Naked mole rats are a fascinating rodent species of relatively recent interest as research animals. Naked mole rats are native to Africa where they live deep underground in a complex system of burrows.Â They are a eusocial species, meaning they have a complex social structure whereby many non-reproductive -ï¿½-ï¿½workers care for a single dominant -ï¿½-ï¿½queen and a few other reproductively active individuals.(8) They are extraordinarily long-lived for a rodent species (in excess of 20 years).Â Naked mole rats appear to lack pain response to certain irritants (ammonia, capsaicin and acids) and have a high tolerance for hypoxic conditions, adaptations that are likely courtesy of the extreme environment in which they live.Â Neoplastic disease has yet to be reported in this species.(1,2,6) For these reasons, naked mole rats are being utilized in aging, pain and cancer studies.
1.Â Haired skin, neck: Dermal granulomas, calcareous, multiple, coalescing (calcinosis circumscripta), with mild epidermal pigmentary incontinence.
2.Â Haired skin, ventral body wall: Dermatitis, granulomatous, diffuse, marked, with multifocal dermal mineralization (calcinosis cutis) and fibrosis, moderate acanthosis, orthokeratotic hyperkeratosis and serocellular surface crusts.
The contributor provided an excellent review of cutaneous calcium
deposits.Â Calcinosis circumscripta occurs in both humans and animals.Â In humans, calcinosis
circumscripta has been associated with pressure points, tendon sheaths, and distal digits.(9) It is
more commonly reported in females than males and may be associated with connective tissue
disorders such as Reynauds phenomenon, scleroderma, systemic lupus erythromatosis,
telangiectasia, and dermatomyositis.Â Trauma, insect bites, renal failure, and inherited disorders
such as pseudoxanthoma elasticum, Werners syndrome, and Ehlers-Danlos syndrome are
suspected causes of calcinosis circumscripta in humans.Â A recently described autosomal
recessive disorder termed normophosphatemic familial tumoral calcinosis (NFTC) has also been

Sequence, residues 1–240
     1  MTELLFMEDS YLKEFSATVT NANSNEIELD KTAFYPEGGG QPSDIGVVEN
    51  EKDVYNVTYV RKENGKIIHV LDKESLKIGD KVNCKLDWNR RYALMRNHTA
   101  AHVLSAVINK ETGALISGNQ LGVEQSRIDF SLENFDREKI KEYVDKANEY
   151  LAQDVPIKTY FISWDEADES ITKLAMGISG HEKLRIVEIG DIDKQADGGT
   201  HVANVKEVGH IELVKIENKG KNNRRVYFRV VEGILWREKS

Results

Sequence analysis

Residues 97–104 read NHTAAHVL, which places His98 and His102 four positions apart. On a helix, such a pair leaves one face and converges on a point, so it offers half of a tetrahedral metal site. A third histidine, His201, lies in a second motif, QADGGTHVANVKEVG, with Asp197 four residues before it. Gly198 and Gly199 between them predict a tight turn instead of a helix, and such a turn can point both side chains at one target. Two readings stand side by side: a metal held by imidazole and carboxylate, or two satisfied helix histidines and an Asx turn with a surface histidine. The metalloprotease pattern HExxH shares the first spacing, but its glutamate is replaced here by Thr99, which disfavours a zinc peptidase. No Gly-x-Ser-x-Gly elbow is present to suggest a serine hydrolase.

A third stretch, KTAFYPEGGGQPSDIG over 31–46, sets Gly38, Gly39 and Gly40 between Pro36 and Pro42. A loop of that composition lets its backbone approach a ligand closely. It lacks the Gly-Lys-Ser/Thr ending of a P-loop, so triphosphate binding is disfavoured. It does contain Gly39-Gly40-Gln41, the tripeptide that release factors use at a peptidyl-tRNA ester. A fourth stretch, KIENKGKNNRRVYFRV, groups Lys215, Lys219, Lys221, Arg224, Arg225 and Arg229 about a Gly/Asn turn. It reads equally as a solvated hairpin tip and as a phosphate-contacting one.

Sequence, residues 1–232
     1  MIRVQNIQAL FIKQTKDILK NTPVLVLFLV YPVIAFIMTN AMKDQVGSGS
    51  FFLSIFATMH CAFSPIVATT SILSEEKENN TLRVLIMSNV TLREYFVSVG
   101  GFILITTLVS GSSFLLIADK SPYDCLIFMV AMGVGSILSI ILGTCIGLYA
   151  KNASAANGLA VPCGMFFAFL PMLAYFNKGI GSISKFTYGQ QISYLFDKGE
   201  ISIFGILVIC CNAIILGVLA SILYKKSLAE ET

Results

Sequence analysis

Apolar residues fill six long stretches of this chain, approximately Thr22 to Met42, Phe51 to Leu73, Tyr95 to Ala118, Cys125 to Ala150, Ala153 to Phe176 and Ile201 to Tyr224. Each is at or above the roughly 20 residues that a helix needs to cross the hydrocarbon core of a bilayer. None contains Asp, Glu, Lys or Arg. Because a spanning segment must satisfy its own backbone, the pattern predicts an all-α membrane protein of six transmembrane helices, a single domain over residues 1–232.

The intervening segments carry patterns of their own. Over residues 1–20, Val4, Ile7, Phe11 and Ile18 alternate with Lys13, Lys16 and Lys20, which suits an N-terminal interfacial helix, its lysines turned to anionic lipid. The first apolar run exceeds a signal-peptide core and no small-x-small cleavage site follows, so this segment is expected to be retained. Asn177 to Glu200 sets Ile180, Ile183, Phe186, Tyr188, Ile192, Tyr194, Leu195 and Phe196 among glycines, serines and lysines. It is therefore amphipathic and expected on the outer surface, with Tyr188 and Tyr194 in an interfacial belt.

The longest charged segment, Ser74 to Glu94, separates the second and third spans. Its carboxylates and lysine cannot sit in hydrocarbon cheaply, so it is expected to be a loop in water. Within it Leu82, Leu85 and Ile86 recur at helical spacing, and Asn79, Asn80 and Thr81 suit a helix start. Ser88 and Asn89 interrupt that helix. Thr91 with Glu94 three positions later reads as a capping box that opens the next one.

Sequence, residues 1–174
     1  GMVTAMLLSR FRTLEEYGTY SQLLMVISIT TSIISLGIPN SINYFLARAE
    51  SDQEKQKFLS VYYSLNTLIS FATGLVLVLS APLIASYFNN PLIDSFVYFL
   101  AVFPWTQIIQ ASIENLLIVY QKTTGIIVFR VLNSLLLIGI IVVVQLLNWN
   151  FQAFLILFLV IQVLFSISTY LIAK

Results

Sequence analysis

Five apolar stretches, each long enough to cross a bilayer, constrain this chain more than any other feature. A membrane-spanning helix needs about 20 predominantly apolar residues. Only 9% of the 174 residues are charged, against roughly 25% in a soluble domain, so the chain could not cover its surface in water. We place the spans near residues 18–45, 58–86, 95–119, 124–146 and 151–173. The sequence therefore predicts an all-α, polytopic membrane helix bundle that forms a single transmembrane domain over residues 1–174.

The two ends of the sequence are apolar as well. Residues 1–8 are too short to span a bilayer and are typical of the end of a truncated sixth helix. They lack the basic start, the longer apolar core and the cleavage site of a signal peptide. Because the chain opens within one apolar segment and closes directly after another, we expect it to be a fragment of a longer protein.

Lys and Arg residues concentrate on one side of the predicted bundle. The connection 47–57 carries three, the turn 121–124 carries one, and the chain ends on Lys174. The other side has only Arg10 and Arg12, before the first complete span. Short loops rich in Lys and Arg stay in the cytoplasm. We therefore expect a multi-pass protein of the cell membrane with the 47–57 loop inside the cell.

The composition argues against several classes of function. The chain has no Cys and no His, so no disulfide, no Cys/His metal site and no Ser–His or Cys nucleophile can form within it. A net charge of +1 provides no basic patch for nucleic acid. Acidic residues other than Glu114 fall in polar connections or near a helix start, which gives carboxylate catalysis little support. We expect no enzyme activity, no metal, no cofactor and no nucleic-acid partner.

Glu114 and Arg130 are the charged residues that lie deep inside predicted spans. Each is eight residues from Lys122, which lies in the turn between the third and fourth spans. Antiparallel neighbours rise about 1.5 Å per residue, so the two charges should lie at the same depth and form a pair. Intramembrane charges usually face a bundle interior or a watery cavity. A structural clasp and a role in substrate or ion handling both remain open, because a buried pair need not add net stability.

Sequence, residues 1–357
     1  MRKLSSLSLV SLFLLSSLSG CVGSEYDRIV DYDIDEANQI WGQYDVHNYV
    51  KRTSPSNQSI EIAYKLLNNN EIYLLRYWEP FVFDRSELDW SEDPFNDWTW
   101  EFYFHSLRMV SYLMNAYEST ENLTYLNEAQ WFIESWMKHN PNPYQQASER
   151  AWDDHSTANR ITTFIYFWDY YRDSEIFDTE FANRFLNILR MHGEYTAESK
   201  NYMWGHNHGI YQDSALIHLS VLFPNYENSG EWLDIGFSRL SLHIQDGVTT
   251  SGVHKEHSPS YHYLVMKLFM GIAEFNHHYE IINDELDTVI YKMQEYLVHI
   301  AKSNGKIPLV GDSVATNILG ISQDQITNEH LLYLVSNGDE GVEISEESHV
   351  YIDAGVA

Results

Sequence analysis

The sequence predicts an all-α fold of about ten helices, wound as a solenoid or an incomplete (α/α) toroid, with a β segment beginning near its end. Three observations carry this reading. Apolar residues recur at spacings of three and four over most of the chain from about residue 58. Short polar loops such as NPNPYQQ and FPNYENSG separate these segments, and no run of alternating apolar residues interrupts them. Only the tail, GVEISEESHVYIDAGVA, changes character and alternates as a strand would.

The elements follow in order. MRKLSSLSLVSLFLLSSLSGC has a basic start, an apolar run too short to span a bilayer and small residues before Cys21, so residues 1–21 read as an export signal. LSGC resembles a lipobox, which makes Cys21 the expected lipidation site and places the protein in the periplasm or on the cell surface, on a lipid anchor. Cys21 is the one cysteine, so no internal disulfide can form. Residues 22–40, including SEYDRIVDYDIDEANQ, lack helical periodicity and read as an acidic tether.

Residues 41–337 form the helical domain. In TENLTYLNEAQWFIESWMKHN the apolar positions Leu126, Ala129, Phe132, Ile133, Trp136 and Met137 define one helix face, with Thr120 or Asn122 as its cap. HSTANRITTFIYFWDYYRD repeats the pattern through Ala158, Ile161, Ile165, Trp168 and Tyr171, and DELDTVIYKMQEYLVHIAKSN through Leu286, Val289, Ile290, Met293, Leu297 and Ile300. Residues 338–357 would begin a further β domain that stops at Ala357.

implicated in the formation of calcinosis circumscripta lesions in people.Â NFTC is associated
with an absence of functional SAMD9, a tumor suppressor and anti-inflammatory protein, and
histologically appears similar to dystrophic calcinosis.(9)
In addition to the naked mole rats described by the contributor, other animals affected by calcinosis circumscripta include dogs, cats, horses, cows, buffalo, rabbits, turtles, nonhuman primates and a captive antelope.Â Reports of calcinosis circumscripta in nonhuman primates include two female rhesus macaques and a male common marmoset, in which the lesion was associated with microchip implantation.Â Additionally, idiopathic calcinosis circumscripta has been reported in two cynamologus macaques and a case of bilateral dystrophic calcinosis circumscripta was recently reported in a six-year-old female cynomolgus macaque with a history of bilateral foot trauma.(9)
There was moderate slide variation; the slide used for the JPC morphologic diagnosis did not exhibit the necrosis and ulceration associated with the calcinosis cutis as described by the contributor.
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5.Â Gross TL, Ihrke PJ, Walder EJ, Affolter VK.Â Degenerative, dysplastic and depositional diseases of dermal connective tissue.Â In: Skin Diseases of the Dog and Cat. 2nd ed.Â Ames, IA; 2005:373-380.
6.Â Larson J, Park TJ.Â Extreme hypoxia tolerance of naked mole rat brain.Â Neuroreport. 2009:20;1634-1637.
7.Â Kumar V, Abbas AK, Fausto N.Â Cellular adaptations, cell injury and cell death.Â In: Pathologic Basis of Disease. 7th ed.Â Philadelphia, PA: Elsevier Saunders; 2005:41-42.
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9.Â Radi ZA, Sato K.Â Bilateral dystrophic calcinosis crcumscripta in a cynomolgus macaque (Macaca fascicularis).Â Toxicol Pathol. 2010;38:637.
10.Â Scott DW, Buerger RG.Â Idiopathic calcinosis circumscripta in the dog: a retrospective analysis of 130 cases.Â J Am Anim Hosp Assoc. 1988;24:651-658.